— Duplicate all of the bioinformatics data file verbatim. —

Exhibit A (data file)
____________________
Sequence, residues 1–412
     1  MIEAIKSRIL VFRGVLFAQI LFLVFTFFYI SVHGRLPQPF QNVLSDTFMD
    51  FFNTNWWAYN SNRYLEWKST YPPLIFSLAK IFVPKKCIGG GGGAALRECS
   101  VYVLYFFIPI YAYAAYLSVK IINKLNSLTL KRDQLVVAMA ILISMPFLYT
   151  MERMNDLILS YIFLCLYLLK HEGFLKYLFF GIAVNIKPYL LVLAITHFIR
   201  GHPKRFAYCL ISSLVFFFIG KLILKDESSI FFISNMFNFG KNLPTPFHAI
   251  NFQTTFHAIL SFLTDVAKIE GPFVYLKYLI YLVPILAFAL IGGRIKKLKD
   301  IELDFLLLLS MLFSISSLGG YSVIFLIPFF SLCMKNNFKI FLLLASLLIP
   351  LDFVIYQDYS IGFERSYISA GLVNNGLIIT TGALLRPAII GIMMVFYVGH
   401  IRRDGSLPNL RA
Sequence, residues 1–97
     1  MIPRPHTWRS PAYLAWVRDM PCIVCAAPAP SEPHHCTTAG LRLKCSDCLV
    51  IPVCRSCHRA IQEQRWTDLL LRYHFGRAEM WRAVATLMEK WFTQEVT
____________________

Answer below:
Sequence, residues 1–412
     1  MIEAIKSRIL VFRGVLFAQI LFLVFTFFYI SVHGRLPQPF QNVLSDTFMD
    51  FFNTNWWAYN SNRYLEWKST YPPLIFSLAK IFVPKKCIGG GGGAALRECS
   101  VYVLYFFIPI YAYAAYLSVK IINKLNSLTL KRDQLVVAMA ILISMPFLYT
   151  MERMNDLILS YIFLCLYLLK HEGFLKYLFF GIAVNIKPYL LVLAITHFIR
   201  GHPKRFAYCL ISSLVFFFIG KLILKDESSI FFISNMFNFG KNLPTPFHAI
   251  NFQTTFHAIL SFLTDVAKIE GPFVYLKYLI YLVPILAFAL IGGRIKKLKD
   301  IELDFLLLLS MLFSISSLGG YSVIFLIPFF SLCMKNNFKI FLLLASLLIP
   351  LDFVIYQDYS IGFERSYISA GLVNNGLIIT TGALLRPAII GIMMVFYVGH
   401  IRRDGSLPNL RA
Sequence, residues 1–97
     1  MIPRPHTWRS PAYLAWVRDM PCIVCAAPAP SEPHHCTTAG LRLKCSDCLV
    51  IPVCRSCHRA IQEQRWTDLL LRYHFGRAEM WRAVATLMEK WFTQEVT